-Of course we, the RVN and the ARVN, like most nations on earth, were not perfect. We had our share of inept political leaders as well as incompetent field commanders. We realize there were times our leader’s hands were tied by our major ally. We also understand we sacrificed many best years of our lives fighting despotism to protect liberty and freedom so our citizens could dissent and even undermine our effort. Yet we had fought courageously against overwhelming odds and hundreds of thousands of our friends lost their lives for the just cause. We did not win because the outcome was determined by superpower politics. Obviously it was way beyond the soldier’s responsibility. If we, the RVN, had it our way, unquestionably, the outcome of the war would have been different.

And to my American brothers in arms:

Through negotiation, our politicians settled with major world powers to end the war in Viet Nam politically. Following orders, you must withdraw from Vietnam. The last U.S. military unit left Viet Nam since March 1973. The final collapse of the RVN occurred on April 30, 1975. There is absolutely no doubt in my mind that the U.S. did not lose the war in Vietnam militarily. You have fulfilled the call of duty admirably. We salute you. We thank you for serving and for helping us in Viet Nam. Ironically, politics dictated the outcome. But don’t be bothered; only ignorant or misled individuals would buy the notion that America lost the war in Vietnam militarily.

(1) Correct spelling of Viet Nam must be two separate words.
(2) Also known as Poulo Condore, a penal island for political or high-risk prisoners.
(3) Viet Nam Quoc Dan Đang or Viet Quoc. Vietnamese Nationalist Party.
(4) Viet Nam Cach Menh Dong Minh Hoi aka Vietnamese Revolutionary Allied League.
(5) Vietnamese Communist Party.
(6) Democratic Republic of Viet Nam or Viet Nam Dan Chu Cong Hoa in Vietnamese.
(7) Viet Minh abbreviated for Viet Nam Cach Menh Dong Minh Hoi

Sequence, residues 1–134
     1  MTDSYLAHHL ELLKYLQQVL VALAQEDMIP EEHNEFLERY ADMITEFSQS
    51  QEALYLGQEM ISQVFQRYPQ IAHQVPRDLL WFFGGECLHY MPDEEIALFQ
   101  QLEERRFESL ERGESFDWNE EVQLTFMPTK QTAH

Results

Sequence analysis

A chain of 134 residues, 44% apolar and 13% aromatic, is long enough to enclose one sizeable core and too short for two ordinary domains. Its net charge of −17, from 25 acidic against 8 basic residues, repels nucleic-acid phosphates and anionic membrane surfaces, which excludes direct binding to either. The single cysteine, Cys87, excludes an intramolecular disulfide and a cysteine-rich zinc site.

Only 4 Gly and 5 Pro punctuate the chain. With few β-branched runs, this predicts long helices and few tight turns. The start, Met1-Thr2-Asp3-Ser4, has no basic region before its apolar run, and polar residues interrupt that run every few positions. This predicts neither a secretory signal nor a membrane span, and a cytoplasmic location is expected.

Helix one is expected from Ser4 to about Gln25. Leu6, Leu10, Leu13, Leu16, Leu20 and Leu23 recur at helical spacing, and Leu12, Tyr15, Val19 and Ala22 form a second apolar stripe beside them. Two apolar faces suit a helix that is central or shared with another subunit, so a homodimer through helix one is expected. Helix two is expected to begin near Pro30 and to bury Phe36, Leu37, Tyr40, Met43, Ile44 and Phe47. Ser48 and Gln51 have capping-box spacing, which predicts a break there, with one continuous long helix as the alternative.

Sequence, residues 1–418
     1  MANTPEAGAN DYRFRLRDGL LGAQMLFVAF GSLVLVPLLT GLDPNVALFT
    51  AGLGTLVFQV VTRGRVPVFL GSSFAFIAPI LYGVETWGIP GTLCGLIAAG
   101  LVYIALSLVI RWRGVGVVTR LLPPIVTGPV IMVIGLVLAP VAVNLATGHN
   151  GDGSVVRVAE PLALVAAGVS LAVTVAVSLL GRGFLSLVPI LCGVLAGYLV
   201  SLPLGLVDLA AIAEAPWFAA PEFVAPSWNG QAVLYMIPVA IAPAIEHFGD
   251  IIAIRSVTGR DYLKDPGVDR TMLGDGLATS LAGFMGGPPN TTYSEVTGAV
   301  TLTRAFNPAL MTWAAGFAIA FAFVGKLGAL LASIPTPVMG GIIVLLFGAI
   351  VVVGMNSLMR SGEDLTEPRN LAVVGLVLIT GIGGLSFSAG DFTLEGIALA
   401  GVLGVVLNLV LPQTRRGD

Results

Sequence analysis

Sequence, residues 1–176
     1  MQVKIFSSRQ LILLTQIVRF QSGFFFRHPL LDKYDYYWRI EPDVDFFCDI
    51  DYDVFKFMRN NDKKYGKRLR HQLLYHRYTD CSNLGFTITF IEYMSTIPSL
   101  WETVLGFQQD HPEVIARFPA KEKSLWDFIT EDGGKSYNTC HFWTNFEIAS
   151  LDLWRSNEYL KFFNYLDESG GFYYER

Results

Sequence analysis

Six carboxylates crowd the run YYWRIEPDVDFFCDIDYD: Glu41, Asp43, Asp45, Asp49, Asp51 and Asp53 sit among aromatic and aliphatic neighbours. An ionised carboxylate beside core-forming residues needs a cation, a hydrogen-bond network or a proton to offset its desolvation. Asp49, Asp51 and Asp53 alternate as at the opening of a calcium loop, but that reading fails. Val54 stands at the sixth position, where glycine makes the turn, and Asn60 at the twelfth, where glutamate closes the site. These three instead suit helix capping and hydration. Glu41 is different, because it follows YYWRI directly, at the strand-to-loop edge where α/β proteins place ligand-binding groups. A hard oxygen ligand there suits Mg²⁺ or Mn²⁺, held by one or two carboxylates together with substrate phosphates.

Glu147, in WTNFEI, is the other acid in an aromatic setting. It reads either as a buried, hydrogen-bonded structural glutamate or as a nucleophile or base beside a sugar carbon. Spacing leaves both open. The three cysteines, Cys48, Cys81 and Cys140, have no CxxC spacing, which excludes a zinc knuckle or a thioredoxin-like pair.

(8) From Le livre noir du communisme, by Stéphane Courtois et. al, 1997.
(9) For complete details of Kissinger – Chou meeting, please check the link below: http://www.gwu.edu/~nsarchiv/NSAEBB/NSAEBB193/HAK%206-20-72.pdf

‘Killing Fields’ survivor Dith Pran dies

March 30, 2008
By RICHARD PYLE, Associated Press Writer 

NEW YORK – Dith Pran, the Cambodian-born journalist whose harrowing tale of enslavement and eventual escape from that country’s murderous Khmer Rouge revolutionaries in 1979 became the subject of the award-winning film “The Killing Fields,” died Sunday. He was 65.

New York Times photographer Dith Pran, sits with his wife Ser ...
New York Times photographer Dith Pran, sits with his wife Ser Moeun on the lawn outside the Beverly Hills Hotel, in this Tuesday, March 26, 1985, file photo in Beverly Hills, Calif. Dith Pran’s death from pancreatic cancer was confirmed Sunday, March 30, 2008, by journalist Sydney Schanberg, his former colleague at The New York Times. Pran was 65.(AP Photo/Lennox McLendon)

Dith died at a New Jersey hospital Sunday morning of pancreatic cancer, according to Sydney Schanberg, his former colleague at The New York Times. Dith had been diagnosed almost three months ago.

Dith was working as an interpreter and assistant for Schanberg in Phnom Penh, the Cambodian capital, when the Vietnam War reached its chaotic end in April 1975 and both countries were taken over by Communist forces.

Schanberg helped Dith’s family get out but was forced to leave his friend behind after the capital fell; they were not reunited until Dith escaped four and a half years later. Eventually, Dith resettled in the United States and went to work as a photographer for the Times.

It was Dith himself who coined the term “killing fields” for the horrifying clusters of corpses and skeletal remains of victims he encountered on his desperate journey to freedom.

The regime of Pol Pot, bent on turning Cambodia back into a strictly agrarian society, and his Communist zealots were blamed for the deaths of nearly 2 million of Cambodia’s 7 million people.

“That was the phrase he used from the very first day, during our wondrous reunion in the refugee camp,” Schanberg said later.

With thousands being executed simply for manifesting signs of intellect or Western influence — even wearing glasses or wristwatches — Dith survived by masquerading as an uneducated peasant, toiling in the fields and subsisting on as little as a mouthful of rice a day, and whatever small animals he could catch.